One More Thing Stories And Other Stories by B.J. Novak
Novak, known for his role as Ryan the temp in The US Office, wrote a series of quirky and thought-provoking short stories and got all of his friends to read them out for the audio version of this book, which I happily bought. I really liked this one, some of the stories are just genius and had me thinking about them for days after I'd read them. Others were very witty and peppered with some running jokes. I loved hearing the familiar voices of Mindy Kaling, Katy Perry, Carey Mulligan, Lena Dunham, Rainn Wilson, Emma Thompson, Jason Schwartzman, Julianne Moore and Novak himself.
Paper Aeroplanes by Dawn O'Porter
I'd wanted to read this for a while, so I snapped it up when I saw it in the library. It centres on Renee and Flo, two teenage girls growing up in the mid-nineties on Guernsey Island who are both alone and lonely in their own ways, both in need of true friendship. As I'm sure you can guess, they end up together in spite of many obstacles in their path. I really enjoyed this, it felt like an authentic look at the lives of teenage girls; all the embarrassing and cringe-tastic moments included. I like O Porter's writing, it flows nicely and is quite humorous. I'm planning on reading the sequel, 'Goose' next to see how the girls got on after this one ends.
Buffy The Vampire Slayer: Wolves At The Gate. Issue no. 3
The last of my Buffy graphic novels from Christmas. Dracula makes a reappearance in this one (with reference to Xander as his manservant) and there's some cool action scenes set in Japan. There's also an unexpected Buffy/lesbian storyline. I've since tracked down the next few in the series in my library so you can be sure I'll be ALL over that.
Invincible Ultimate Collection. Volume 1
I got this for the hubster for Christmas, it has the first 13 editions in it so I thought it'd be a good introduction to the series. Invincible is the story of a teenage boy Mark Grayson who discovers that like his super hero father, Omni-man, he is now developing his own powers. He joins a group of other teenage superheroes and they set about doing good and saving the world etc. This is really witty, lots of in-jokes and perfect for superhero nerds like myself.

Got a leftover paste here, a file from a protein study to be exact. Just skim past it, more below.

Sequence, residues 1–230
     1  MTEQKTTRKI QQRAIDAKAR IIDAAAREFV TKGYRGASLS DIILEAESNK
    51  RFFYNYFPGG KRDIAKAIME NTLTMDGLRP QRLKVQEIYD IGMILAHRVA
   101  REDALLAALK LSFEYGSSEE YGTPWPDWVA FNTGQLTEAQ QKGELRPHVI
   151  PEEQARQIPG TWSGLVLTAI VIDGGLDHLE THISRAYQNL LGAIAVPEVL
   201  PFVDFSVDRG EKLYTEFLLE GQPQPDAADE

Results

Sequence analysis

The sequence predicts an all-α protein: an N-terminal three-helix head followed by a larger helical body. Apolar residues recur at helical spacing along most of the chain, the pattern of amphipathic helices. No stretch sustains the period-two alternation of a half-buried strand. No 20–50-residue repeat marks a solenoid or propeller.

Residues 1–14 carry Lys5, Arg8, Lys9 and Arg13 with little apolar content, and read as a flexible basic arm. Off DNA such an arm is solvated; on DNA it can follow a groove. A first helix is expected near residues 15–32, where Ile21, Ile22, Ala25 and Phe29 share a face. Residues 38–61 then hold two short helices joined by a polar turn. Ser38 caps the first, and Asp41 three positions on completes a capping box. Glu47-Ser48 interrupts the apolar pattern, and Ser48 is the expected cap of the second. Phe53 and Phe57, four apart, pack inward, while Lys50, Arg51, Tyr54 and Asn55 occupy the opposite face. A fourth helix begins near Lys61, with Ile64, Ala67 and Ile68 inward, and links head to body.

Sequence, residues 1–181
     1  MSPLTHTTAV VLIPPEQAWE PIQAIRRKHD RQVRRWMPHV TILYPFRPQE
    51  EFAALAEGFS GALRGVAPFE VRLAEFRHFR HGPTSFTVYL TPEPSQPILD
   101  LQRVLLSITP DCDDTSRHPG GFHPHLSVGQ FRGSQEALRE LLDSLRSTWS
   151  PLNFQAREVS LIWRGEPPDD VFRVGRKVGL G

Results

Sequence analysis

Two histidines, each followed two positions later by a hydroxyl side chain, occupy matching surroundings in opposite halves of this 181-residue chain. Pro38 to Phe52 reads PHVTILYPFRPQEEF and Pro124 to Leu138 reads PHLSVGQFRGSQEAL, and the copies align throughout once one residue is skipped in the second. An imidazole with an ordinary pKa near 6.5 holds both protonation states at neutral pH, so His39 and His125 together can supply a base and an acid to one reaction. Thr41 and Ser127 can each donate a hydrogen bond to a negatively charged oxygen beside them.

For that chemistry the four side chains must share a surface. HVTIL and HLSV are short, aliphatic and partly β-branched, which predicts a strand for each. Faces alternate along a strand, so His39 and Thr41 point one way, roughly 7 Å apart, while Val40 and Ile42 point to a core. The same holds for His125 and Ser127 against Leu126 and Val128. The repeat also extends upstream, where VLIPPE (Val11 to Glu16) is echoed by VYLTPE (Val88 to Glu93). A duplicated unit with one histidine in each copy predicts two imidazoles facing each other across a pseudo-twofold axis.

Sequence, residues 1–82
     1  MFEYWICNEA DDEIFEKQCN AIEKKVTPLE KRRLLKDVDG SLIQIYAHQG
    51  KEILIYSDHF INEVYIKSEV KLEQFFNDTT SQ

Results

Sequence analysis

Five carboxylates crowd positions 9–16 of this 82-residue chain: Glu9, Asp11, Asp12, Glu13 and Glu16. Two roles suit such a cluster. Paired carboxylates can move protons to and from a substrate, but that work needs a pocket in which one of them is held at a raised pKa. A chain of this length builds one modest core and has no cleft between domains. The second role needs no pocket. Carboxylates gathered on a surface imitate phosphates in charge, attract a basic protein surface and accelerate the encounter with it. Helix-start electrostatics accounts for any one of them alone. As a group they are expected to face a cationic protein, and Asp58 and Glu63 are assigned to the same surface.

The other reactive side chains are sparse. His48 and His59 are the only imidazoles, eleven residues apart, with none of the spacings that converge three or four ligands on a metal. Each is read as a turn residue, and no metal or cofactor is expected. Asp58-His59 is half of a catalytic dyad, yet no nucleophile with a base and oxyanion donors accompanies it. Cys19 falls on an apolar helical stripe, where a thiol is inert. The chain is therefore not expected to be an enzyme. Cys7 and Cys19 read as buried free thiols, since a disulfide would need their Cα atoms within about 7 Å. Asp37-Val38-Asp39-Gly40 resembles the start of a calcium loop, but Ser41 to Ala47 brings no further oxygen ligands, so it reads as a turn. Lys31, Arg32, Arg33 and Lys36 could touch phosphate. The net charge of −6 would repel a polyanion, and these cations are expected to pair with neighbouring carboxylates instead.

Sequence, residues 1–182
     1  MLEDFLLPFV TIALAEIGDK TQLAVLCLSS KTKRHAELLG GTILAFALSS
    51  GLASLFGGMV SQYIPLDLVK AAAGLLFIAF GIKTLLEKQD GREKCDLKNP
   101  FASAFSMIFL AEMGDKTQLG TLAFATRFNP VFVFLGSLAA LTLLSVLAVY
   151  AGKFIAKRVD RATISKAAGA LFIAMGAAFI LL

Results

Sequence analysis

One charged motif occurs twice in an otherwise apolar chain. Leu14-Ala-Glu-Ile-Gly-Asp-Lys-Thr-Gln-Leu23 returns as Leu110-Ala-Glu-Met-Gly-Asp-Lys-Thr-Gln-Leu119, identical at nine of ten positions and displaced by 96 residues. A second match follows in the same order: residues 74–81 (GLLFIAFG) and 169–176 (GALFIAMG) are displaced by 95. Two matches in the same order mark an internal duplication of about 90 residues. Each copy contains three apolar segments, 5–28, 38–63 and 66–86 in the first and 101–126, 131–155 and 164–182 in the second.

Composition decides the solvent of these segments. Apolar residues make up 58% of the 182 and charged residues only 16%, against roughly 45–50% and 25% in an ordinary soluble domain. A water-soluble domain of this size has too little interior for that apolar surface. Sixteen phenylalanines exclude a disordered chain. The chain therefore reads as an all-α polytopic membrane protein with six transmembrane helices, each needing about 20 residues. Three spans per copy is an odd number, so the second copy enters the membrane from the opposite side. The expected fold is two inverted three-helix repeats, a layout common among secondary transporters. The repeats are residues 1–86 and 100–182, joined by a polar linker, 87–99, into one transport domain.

Fangirl by Rainbow Rowell
Fangirl is a YA novel about twins Cath and Wren who decide not to share a room together when they start college. This is very much Wren's decision; she's the more outgoing, socially capable of the two whereas Cath is awkward around others and suffers from a certain amount of anxiety, something which she generally deals with through writing online "fan fiction" about popular character Simon Snow (basically Harry Potter by another name). The book follows her first year in college and how she deals with her dramatically changing life; meeting new people, family issues and coping with burgeoning romance while struggling with college work and maintaining her online fan fiction author persona. I just really enjoyed this book. I loved Cath's character and a certain amount of her anxieties resonated with me. For instance, she's afraid to go to the college canteen because she doesn't know the system; which line to queue in, where to sit, what happens if she makes a mistake at the counter etc. That just seemed like a very real anxiety to me. Also, the slow-growing love story is beautifully written and had me smiling away to myself like a loon. The only thing I didn't overly love about this was all the Simon Snow excerpts..I found them a bit tedious if I'm honest. They're easy enough to skip if they're not really your thing though. Like most YA books, this is more than suitable for an older audience and I'd definitely recommend this one.